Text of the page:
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March 21, 2011 - Image 9

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The Michigan Daily I michigandaily.com I March 21, 2011

Dancing
WIT H
Morris's shot hits back rim in final
seconds, Blue's comeback attempt "7"
and season come to sudden halt

By ZAK PYZIK and they put your better guys on
Daily Sports Editor the bench at times. So they did
that ... Your top eight guys will get
CHARLOTTE, N.C. - Darius two, three on the bench. We sure
Morris is typically the most reli- had them there."
able Wolverine with the ball. Morgan came in for the Wol-
But with just 5.6 seconds left verines and responded with a
in the Michigan men's basketball dunk to spark a comeback that
team's third-round NCAA Tour- put Michigan within two posses-
nament game against Duke on sions of Duke. As the Wolverines
Sunday, Morris drove and missed trailed by four points with about
a floater as the buzzer sounded. a minute remaining, Michigan
Michigan fell to the top-seeded freshman Tim Hardaway Jr. hit
Blue Devils, 73-71. his first 3-pointer of the after-
With less than seven minutes noon. And with Hardaway Jr.'s
left, Michigan forward Jordan clutch basket, the Wolverines
Morgan and Duke forward Kyle trailed by just one possession.
Singler sat on the bench with "(Hardaway Jr.) had great
four fouls and Wolverine forward shots," Beilein said. "Every one
Evan Smotrycz was headed there that he took, when he took a shot
as well after notching his fifth. it looked like it was going in just
"(The foul trouble was) very barely on the front rim. And the
big," Michigan coach John last one was like the Illinois shot
Beilein said. "I said in most of (in the Big Ten Tournament). I
my previews, I said one of the big thought it would be the one that
things with our team: Coach K's might get us up over the top here."
teams have always got to the foul Duke responded with a jumper,
line like that. Two things happen, and with 19.3 seconds remaining
we're very good foul shooters, Michigan called a timeout down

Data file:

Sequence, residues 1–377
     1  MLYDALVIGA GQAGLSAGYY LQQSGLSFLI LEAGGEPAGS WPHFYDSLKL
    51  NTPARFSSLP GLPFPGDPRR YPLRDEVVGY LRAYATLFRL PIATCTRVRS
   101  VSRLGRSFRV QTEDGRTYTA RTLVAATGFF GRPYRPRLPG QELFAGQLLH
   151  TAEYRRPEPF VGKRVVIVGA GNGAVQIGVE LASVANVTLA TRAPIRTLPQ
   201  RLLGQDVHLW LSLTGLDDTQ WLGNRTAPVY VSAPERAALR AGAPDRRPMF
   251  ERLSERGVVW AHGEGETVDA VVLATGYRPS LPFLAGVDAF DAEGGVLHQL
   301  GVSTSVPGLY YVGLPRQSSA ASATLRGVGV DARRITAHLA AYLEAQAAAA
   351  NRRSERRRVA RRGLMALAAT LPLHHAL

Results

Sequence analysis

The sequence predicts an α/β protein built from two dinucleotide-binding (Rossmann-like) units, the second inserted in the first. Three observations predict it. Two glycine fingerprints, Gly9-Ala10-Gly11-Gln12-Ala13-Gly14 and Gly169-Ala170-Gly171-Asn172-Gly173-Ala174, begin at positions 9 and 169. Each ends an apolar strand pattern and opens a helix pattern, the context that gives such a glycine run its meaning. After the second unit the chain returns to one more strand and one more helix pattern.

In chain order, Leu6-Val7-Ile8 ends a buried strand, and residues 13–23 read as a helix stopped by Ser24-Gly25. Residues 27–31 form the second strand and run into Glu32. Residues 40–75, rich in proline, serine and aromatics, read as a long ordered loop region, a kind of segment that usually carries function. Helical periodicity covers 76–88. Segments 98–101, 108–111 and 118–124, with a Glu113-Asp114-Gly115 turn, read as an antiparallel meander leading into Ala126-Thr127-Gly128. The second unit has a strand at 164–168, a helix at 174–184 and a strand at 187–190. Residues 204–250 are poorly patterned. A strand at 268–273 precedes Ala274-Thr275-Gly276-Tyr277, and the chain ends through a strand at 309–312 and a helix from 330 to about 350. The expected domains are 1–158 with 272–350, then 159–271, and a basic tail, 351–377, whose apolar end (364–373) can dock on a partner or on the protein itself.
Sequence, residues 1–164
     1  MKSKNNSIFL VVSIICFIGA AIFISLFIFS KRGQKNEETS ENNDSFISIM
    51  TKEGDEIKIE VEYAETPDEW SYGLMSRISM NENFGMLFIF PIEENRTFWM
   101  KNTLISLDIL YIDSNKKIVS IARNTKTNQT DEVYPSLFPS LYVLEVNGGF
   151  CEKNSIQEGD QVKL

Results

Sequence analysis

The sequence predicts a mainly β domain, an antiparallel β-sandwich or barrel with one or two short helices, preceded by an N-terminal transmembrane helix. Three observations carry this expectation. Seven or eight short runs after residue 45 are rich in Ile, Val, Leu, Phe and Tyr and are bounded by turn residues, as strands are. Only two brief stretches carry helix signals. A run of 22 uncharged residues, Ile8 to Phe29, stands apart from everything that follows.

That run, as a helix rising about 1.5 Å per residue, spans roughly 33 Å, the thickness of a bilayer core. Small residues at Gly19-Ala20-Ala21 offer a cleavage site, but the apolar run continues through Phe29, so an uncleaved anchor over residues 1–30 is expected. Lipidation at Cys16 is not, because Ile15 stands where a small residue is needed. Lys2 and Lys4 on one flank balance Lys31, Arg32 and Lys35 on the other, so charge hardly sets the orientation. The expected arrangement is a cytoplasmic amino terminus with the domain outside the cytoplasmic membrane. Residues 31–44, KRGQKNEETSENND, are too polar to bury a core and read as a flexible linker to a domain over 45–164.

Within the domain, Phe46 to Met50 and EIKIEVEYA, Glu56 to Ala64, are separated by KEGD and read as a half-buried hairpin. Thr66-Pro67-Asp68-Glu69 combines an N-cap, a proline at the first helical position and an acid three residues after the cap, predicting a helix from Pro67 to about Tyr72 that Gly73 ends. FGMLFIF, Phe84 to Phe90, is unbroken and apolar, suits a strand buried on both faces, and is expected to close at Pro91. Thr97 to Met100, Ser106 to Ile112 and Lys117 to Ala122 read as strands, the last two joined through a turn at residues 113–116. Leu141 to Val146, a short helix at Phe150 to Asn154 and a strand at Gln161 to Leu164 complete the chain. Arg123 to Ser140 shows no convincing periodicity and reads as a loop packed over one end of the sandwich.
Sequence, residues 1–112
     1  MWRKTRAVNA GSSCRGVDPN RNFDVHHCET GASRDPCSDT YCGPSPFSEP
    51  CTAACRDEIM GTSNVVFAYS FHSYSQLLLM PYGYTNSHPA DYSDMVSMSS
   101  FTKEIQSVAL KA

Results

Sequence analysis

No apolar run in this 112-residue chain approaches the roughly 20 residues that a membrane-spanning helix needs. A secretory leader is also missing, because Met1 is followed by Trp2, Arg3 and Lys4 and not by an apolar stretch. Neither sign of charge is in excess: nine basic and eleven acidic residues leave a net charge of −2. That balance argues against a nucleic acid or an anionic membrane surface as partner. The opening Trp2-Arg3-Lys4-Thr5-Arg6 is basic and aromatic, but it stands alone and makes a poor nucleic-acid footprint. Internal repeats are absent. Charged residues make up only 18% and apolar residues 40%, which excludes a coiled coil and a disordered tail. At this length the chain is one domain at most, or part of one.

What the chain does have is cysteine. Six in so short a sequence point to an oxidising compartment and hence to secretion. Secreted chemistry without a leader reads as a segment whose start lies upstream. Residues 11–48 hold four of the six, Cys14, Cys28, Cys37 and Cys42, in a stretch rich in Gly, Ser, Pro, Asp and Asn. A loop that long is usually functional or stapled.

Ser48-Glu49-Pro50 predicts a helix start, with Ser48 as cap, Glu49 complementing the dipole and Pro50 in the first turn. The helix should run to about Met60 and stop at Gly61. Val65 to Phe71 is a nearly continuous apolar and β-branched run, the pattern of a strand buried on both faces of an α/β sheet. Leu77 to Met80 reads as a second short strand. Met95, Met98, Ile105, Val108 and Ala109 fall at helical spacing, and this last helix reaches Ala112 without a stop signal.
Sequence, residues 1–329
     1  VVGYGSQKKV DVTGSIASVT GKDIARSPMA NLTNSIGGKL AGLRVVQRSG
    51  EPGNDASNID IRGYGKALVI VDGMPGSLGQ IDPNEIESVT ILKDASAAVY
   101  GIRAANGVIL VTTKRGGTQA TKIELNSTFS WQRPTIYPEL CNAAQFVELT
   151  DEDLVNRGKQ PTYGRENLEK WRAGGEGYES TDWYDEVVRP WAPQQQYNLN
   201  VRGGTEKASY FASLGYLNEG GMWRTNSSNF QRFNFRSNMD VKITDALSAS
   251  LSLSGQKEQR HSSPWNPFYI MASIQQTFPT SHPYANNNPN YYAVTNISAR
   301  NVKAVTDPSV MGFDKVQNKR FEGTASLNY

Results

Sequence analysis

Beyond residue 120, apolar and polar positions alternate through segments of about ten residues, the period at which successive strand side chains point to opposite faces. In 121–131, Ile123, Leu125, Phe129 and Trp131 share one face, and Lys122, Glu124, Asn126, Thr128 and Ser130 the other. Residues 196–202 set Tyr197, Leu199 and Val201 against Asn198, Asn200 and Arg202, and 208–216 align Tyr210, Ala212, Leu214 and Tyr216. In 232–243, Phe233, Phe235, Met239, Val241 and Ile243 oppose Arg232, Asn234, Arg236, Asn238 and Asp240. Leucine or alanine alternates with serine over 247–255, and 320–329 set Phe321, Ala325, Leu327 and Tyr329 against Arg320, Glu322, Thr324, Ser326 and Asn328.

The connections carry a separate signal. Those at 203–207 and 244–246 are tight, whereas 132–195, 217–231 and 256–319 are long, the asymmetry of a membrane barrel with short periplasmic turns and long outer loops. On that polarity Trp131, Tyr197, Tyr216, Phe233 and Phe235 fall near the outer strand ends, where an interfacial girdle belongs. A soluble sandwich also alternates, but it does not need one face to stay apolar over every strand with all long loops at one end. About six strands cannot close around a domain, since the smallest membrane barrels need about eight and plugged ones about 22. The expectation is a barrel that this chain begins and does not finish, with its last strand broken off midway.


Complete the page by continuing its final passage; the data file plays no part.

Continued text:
by just three points.
After a Duke shot-clock viola-
tion and a Morris layup, Michi-
gan was down two points with 5.6
seconds remaining. But Michigan
couldn't complete the upset, as
Morris missed the final shot of
the Wolverines' surprising sea-
son.
Duke's defense started the
game playing Michigan very
aggressively around the perim-
eter. After missing their first
three 3-pointers because of the
Blue Devils' perimeter play, the
Wolverines went on to make five
3-pointers to conclude the first
half and to head into the locker
room trailing, 37-33.
But in the second half, things
changed quicker than the Wolver-
ines could have imagined. After
Hardaway Jr. missed two 3-point-
ers, Duke suddenly pushed its
lead to 12 points thanks in large
part to senior guard Nolan Smith.
At that point, Duke fans erupted,
and even Blue Devil coach Mike
See DUKE, Page 3B

CHANTL JENNINGS/Daily
Sophomoreeguard Darius Morris dribbled coast-to-coast in the waning seconds of Sunday's loss against Duke only to pull
up in the lane, just in front of Duke forward Ryan Kelly, for a floater. The shot caromed off the back of the rim.
Wolverines'1-3-1 zone poses
problems for Duke down stretch

Despite late miss, Morris
leads Blue in tourney run

ByZAKPYZIK tying shot from. Morris wasn't
DailySportsEditor in tears and he wasn't in fury.
Instead, he looked calm but
CHARLOTTE, N.C. - Darius upset.
Morris's family still loves him. Morris knows that he has
As the Michigan men's made that shot a dozen times
basketball sophomore guard this season. In fact, he has made
walked over to his family in the that shot probably hundreds of
stands at the end of the Wol- times in his life. It was essen-
verines' 73-71 loss to Duke on tially an open jumper from just
Sunday, members of his family four feet away with the basket
told him to keep his head up and at his center.
received him with open arms. But this wasn't the pick-up
Morris just finished going game where he probably made it
through the motion of his final in, or the game against Concor-
shot against the Blue Devils - dia in which he made it, or even
the one that missed as the buzz- one of the three games against
er sounded in the third round of No. 1 Ohio State where he made
the NCAA Tournament in Char- it. This time, it was in the third
lotte - after all the fans left and round of the NCAA Tourna-
all that remained were media ment.
and the cleanup crew. This time, it was against
He pretended to take a few No. 1 seed Duke, and this time
shots from the same spot that the two teams were playing in
he missed the potential game- what's essentially Blue Devils'

coach Mike Krzyzewski's back-
yard.
This time, Morris had to
make this shot to save Michi-
gan's season.
Morris bricked the attempt.